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Daniel A. Mitchell, Vs. Parham &t Davis.
The word " sealed," inserted in the body of an instrument, pro* mising to pay money, will not make it a specialty, without a tt seal, an (L. S.) or some equivalent mark annexed.
By the whole Court.
Wm. Reed, Vs. Wm. Price. Action on a promissory note. Defence, failure of consideration. The note was given for negroes. They were proven to have been, about twenty-seven years ago, the property of B. who died about that time, leaving other slaves, and a wife, two sons And a daughter. After B's death, the negroes went into the possession, and have since continued in the possession of his daughter—or of her trustees, agents or assignees. JVo administration or distribution of the estate of B. shewn. Held that after so long possession, with the fact that B. died possessed of other slaves, a distribution of B's estate will be presumed; and that the slaves in question were the share of the daughter.
This action was brought on a Promissory Note, not negotiable, drawn by Defendant io 1817, and assigned by the payee to the Plaintiff.
Wm. Reed, Vs. Wh. Price.
The execution of the note was not denied; but the Defendant contended that it was given for negroes, to which the payee was not entitled; and that consequently there was a failure of' consideration.
It appeared that the negroes in question were the descendants of a woman, who was sent, with Some others, to this state about tp.enty-sevenyears ago, by a Mr. Butler, who was then residing in Virginia. Mr. Butler intended to follow with his wife and three children, but was prevented by death. His widow and children (two sons and a daughter) emigrated here soon after, and got possession of the negroes. The woman, whose children were purchased by Defendant, was held by Mr?. Butler, as her daughter's property, for six or seven years after her arrival here. On the death of Mrs. Butler, her brother.
Dr. , took possession of the woman, and held her as the
property of his neice. On her intermarrying with Thomas Bulow, the woman was delivered to him. He had possession of her for several years; and ultimately sold her and her children, to the Defendant. During the whole of this period, these negroes were regarded as the property of Mrs. Bulow. To gratify the Defendant, the elder Butler, (brother of Mrs. B.) consented to join in the bill of sale: the younger had left the state some time before and was supposed to be dead. Subsequently, however, to the sale, he returned; but has never pretended that he was entitled to the negroes, or any part of them. It did not appear how the estate of the elder Butler had been divided, or that any administration had ever been granted. Verdict for Plaintiff. From this there was an appeal.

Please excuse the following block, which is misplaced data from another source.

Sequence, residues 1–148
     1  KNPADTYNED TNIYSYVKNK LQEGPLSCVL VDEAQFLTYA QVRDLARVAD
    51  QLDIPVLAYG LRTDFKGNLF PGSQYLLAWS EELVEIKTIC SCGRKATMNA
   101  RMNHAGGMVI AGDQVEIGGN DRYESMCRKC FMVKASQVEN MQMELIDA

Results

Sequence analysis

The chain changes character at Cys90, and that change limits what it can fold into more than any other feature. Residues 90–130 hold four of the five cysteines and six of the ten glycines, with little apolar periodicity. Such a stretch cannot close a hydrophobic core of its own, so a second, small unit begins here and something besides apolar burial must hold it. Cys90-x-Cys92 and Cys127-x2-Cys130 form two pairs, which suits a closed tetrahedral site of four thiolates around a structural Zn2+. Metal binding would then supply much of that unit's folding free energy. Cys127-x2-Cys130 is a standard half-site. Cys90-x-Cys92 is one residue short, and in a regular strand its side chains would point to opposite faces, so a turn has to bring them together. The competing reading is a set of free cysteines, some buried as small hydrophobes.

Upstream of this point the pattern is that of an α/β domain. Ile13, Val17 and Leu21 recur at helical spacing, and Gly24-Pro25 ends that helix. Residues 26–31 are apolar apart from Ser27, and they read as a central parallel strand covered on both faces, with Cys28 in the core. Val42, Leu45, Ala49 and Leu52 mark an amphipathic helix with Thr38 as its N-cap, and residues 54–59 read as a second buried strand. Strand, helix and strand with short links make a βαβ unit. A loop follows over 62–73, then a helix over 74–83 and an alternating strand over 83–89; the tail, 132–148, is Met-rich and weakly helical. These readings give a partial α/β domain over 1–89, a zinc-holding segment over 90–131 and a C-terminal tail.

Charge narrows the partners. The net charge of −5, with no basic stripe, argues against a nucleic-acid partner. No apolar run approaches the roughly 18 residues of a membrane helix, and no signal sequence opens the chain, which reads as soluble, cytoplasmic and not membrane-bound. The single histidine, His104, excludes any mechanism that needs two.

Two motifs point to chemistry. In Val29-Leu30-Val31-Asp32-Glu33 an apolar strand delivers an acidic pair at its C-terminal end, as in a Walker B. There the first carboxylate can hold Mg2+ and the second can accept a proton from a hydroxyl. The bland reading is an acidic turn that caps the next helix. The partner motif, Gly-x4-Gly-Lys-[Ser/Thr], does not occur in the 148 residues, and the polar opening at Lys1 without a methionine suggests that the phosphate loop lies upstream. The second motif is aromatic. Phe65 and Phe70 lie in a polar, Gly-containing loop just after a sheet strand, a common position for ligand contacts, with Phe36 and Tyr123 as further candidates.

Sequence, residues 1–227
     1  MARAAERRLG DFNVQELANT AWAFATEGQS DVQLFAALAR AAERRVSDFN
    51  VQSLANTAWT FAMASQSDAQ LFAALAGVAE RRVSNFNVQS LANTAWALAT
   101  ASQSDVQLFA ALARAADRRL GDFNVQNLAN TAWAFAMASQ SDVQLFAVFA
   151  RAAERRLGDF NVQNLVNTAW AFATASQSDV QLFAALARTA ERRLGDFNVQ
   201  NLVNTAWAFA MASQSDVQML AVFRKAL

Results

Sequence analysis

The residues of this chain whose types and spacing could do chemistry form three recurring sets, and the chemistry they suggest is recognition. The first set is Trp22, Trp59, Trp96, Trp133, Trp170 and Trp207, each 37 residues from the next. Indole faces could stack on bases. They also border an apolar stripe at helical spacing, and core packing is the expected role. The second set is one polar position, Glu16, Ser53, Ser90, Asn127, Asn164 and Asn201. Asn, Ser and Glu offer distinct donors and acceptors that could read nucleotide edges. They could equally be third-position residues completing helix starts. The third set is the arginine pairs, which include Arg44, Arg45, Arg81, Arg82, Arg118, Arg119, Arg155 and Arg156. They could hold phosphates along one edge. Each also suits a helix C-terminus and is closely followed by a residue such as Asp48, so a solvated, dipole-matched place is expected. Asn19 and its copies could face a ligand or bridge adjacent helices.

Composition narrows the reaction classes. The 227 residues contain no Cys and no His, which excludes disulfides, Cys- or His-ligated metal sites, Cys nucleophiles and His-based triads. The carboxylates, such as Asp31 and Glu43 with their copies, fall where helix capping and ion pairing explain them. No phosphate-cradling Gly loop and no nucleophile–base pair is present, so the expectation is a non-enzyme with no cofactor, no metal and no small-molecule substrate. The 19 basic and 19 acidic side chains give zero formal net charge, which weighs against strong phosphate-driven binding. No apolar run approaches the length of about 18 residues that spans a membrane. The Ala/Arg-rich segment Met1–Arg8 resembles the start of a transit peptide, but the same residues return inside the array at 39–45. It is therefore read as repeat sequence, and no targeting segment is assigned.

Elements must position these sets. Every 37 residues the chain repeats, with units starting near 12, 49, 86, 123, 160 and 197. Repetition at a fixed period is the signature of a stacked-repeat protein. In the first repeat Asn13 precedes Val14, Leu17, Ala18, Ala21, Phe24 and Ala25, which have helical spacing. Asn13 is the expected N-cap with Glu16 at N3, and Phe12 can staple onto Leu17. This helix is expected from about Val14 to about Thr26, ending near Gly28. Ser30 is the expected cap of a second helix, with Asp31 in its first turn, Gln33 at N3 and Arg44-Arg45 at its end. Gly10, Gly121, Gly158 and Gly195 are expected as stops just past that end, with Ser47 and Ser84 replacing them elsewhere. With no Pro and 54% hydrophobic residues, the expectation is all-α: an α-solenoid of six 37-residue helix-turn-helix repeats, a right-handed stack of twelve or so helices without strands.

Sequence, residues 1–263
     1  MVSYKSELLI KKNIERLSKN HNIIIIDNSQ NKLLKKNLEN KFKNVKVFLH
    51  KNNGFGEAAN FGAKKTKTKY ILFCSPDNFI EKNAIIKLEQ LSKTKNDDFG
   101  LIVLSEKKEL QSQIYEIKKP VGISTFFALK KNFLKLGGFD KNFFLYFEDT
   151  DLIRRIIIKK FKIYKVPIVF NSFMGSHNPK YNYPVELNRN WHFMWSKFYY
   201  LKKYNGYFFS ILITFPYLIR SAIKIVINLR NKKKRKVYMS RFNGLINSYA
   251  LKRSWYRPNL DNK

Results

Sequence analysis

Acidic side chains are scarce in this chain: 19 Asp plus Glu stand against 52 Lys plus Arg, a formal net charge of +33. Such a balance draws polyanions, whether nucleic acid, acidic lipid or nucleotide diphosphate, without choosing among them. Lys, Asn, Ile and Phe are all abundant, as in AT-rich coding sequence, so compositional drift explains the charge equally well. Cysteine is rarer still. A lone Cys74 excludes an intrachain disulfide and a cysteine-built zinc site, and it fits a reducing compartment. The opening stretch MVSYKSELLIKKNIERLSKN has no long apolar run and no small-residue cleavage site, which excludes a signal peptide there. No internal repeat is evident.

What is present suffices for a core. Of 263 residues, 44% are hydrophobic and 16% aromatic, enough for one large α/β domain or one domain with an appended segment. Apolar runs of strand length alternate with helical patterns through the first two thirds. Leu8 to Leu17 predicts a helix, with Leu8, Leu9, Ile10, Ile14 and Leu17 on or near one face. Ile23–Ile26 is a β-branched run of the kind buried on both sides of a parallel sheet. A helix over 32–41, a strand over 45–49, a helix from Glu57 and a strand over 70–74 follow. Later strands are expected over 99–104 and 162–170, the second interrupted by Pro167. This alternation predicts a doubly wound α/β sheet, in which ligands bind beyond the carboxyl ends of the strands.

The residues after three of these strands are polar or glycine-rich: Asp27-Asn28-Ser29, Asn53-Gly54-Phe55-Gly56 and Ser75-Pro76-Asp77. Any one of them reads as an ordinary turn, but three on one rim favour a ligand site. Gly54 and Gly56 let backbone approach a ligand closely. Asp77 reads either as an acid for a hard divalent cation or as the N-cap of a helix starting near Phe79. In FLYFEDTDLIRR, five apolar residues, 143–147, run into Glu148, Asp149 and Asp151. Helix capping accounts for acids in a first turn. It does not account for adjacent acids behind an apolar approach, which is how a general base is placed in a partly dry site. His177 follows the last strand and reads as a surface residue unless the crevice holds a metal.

The opinion of the Court was delivered by Mr. Justice Huger.
The defence in this case is a failure of consideration in part for the note. It is contended that the younger Bntler was entitled to a part of the negroes, and therefore his brother and sister could not sell more than their right; which was but twothirds. What became of the rest of the intestate's estates, does not appear. That there were other negroes, has not been denied. This fact, when coupled with the twenty-seven years quiet possession 6f Mrs. Bulow, raised an irresistible presumption that she got this negro as her distributive part of the estate
John Rodgers ads. Isaac Norton. of her father; and that to her two brothers and mother, were allotted the other negroes. If this had not been so, it is difficult to account for the forbearance of the younger Butler. How old he was when he first came to this state, twenty-seven years ago, does not appear. Since that period (whatever may have 'been his age then) he has had ample time to prosecute his rights, if he had any. In the case of Ml Clure and Hill, (2 Con. De. 420) it was decided that thirty years possession of land was sufficient foundation for the presumption of a grant from the state; and the judge who delivered the opinion of the court, suggested that twenty would be sufficient. If in twenty years a grant may be presumed against the state, after twenty-seven, the younger Butler may very well be regarded as having relinquished his claim Jo the property in question. If this presumption could require any further support, it is to be found in the fact, that Defendant himself has held these negroes long enough to perfect his title by possesion.
The motion for a new trial is refused.—Johmon, Nott, Hichardson, Colcock, Justices concurred.
John Rodcers, ads. Isaac Norton.
Free persons of color are entitled to the benefit of." the Prison
This was a rule on the Clerk, to shew cause why he did not admit to the benefit of the Prisons Bounds Act, Isaac Norton.
The Clerk shewed for cause "that the said Isaac Norton was a free man of color, and therefore not entitled to the benefit of that act." The rule was made absolute by the Circuit Court. From that decision an appeal was submitted to this Court.
The opinion of the Court was delivered by Mr. Justice Huger,
The act of 1788, for establishing the bounds of the Prisons, Sic. declares, "Whereas humanity requires that the confinement of persons on civil process should be less rigorous: Be it enacted, that all prisoners on mesne process, in any civil